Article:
Danny Barker, Stu Zimny, Milt Hinton 1995
It was in the late-70’s sometime when I first met Milt Hinton.
It was a strange time in the music’s history. Although rock music had firmly enveloped the attention of most of my generation, my own musical trajectory was towards the the jazz of the 1930’s. I had heard the incandescence of Louis Armstrong and his many disciples and was converted quickly. There was a power to this music unique in my experience. It is more common now in the internet age but we, myself and the author of this sacred blog in particular, formed a distinct minority, a sort of rear-guard action devoted to preserving this music. Yet at that time there were still significant numbers of players of that “swing generation” alive and at least semi-active and one could see them play intermittently in certain mostly short-lived clubs in Manhattan and the occasional concert. Although the general sentiment was that we had arrived a few decades too late.
I had heard that Milt was teaching a jazz seminar at Hunter College, I had taken up study of the double-bass shortly before, had lucked upon and acquired an excellent “axe,” and Milt was a legendary figure to bassists in particular.
In a fortuitous stroke of luck I encountered Milt on the subway on the ride to Hunter. (Milt was a frequent rider of the NYC subway system since he did not drive a car. The story goes that he had been driving a vehicle in Chicago decades before, as a gofer of some sort for the Al Capone organization, and a bad accident occurred which had traumatized him for life against driving a motorized vehicle.) I drove him to a fair number of gigs during the next few years for the mere opportunity to hang out and absorb what I might. Capone’s loss was my gain.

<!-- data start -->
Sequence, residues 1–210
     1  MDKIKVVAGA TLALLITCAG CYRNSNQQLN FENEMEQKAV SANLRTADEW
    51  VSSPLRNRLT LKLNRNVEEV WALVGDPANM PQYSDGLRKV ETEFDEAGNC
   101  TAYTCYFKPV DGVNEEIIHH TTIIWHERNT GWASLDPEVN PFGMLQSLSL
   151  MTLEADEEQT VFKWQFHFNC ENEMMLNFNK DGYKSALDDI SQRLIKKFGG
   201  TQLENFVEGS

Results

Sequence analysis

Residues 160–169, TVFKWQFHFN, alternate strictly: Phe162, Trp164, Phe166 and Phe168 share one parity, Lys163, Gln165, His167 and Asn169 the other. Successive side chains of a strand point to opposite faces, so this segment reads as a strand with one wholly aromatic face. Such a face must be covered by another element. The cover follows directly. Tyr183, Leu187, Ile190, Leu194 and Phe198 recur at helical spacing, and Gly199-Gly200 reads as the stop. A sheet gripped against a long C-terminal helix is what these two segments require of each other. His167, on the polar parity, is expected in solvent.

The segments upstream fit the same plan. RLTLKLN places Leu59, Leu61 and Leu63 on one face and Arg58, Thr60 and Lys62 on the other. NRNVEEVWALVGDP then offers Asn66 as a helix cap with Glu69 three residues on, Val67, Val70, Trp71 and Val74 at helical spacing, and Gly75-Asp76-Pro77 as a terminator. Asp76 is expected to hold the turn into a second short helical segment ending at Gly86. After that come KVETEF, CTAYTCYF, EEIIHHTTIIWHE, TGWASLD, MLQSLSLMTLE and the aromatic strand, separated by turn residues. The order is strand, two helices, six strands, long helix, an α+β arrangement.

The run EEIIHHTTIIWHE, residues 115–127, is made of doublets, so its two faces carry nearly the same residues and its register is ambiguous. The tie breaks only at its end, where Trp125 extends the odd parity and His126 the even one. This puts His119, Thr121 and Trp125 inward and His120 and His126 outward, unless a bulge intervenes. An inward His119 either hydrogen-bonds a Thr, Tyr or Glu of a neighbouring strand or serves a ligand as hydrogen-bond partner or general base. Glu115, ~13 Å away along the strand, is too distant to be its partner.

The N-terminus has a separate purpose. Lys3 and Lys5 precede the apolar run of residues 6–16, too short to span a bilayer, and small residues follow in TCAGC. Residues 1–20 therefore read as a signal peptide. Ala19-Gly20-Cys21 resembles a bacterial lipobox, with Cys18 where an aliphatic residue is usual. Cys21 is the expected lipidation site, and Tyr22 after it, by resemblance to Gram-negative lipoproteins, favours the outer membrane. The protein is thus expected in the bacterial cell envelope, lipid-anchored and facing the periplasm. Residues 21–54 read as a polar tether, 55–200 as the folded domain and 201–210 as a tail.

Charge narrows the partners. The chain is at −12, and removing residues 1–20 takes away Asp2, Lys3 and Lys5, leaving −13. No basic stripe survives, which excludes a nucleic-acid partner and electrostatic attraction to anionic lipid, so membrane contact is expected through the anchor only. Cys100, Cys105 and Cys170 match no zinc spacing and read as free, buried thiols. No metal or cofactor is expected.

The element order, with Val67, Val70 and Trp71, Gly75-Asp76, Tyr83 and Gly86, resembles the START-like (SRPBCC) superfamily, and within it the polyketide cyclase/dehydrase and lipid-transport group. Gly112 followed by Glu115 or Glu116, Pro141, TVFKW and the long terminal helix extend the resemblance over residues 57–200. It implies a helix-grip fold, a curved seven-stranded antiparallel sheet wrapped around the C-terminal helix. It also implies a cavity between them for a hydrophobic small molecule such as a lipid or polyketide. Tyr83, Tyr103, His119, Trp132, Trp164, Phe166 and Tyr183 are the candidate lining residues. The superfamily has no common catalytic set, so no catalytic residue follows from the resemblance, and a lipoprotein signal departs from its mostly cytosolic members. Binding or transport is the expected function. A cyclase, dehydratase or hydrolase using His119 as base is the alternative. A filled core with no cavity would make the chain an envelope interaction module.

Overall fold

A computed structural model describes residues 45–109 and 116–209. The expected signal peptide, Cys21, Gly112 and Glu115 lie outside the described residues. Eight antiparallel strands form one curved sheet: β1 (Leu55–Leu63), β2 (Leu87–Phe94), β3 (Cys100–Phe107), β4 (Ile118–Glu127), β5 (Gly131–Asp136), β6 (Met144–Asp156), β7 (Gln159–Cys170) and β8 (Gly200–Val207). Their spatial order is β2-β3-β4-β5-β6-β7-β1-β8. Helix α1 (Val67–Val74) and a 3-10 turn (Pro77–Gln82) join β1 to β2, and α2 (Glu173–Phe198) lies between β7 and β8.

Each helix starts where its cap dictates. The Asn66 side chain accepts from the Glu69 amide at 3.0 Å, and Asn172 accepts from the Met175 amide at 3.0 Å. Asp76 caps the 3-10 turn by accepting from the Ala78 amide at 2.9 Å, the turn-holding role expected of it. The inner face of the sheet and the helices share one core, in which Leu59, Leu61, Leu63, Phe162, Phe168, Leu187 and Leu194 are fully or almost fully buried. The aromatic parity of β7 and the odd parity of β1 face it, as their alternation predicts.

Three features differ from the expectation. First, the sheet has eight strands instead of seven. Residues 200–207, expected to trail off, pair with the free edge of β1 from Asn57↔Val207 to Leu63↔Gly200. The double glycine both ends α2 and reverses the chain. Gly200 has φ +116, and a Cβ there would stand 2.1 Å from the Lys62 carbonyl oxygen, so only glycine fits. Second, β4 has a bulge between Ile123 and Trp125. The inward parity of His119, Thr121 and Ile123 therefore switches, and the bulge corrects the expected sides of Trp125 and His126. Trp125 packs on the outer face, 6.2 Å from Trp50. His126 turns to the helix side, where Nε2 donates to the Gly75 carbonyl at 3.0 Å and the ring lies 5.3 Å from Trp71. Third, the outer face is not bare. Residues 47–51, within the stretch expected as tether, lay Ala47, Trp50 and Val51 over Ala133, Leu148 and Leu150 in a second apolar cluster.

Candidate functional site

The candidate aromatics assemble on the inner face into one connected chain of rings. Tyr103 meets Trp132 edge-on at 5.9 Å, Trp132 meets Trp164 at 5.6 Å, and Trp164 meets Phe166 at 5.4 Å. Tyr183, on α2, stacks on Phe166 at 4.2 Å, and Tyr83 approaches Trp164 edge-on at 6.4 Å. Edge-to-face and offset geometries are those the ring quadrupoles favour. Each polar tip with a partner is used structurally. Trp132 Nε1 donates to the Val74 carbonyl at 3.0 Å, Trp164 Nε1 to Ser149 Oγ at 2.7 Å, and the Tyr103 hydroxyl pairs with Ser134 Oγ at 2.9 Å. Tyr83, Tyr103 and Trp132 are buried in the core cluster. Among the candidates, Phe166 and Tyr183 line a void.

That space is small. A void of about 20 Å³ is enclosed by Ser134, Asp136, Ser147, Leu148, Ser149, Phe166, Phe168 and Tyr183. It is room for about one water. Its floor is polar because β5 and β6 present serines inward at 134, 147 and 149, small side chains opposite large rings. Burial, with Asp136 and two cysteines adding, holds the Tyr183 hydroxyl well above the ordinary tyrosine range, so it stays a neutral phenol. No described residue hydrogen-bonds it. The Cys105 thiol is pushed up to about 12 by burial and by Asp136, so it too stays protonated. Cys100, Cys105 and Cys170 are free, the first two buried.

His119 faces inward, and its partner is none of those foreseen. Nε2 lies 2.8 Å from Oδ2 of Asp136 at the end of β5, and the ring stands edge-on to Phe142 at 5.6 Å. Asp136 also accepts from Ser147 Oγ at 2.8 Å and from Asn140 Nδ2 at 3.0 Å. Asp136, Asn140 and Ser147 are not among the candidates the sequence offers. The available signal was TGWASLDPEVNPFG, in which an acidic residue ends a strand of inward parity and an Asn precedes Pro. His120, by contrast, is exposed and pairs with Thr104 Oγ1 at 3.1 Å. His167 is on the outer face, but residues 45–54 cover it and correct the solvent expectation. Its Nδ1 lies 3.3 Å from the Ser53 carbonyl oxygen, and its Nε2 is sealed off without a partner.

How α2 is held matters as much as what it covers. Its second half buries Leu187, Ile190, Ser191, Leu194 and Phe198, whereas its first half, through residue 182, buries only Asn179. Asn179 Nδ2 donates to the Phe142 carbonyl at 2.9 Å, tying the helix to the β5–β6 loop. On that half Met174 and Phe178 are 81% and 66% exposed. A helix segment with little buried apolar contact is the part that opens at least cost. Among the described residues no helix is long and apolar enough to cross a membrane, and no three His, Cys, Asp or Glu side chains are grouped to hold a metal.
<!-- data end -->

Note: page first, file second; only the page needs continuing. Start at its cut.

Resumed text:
On the “A” train I gathered up my courage and struck up a conversation with him, the ultimate outcome of which was that if I wanted some tutoring I could drop by his home in Queens. He did not need to make the offer twice. Especially since his attendance at Hunter was spotty due to his being on the road quite a bit.
Milt never really offered me “lessons” as such. Although he did hand me a manuscript of scale patterns and suggested I work on them “for the next thirty years” and gave me a whole lot of physical advice about dealing with the bass. I would bring him bass music, usually some classical etude or duet, and we would play through it together. He was always up for the challenge. The mere fact that he would be willing to play with me and treat me like a colleague was a huge confidence boost.
Of course it was not only me who benefited from his largesse. Many bassists (and other instrumentalists) would drop by, most often just to hang out with an elder, “The Dean of Jazz Bassists.” Milt and Mona were extremely gracious and generous in opening their home to musicians. And feeding us, and making us feel like family, and part of a lineage that required support and protection.
Throughout the next decade or so I would drop by, often in a vain attempt to help him organize the pile of the concert tapes and recordings collecting in his basement.
In 1989 I departed the east for directions west. When I came back for visits if Milt was in town he was always open for a rendezvous “between sets.”
I recall seeing him at the 1995 Monterey Jazz Festival and in San Diego at some sort of convocation. On the latter occasion, with minimal rehearsal, he was offered some pretty complex charts and played through them with ease. This was not an old guy resting on past accomplishments, he was fully alive to the music, to all music.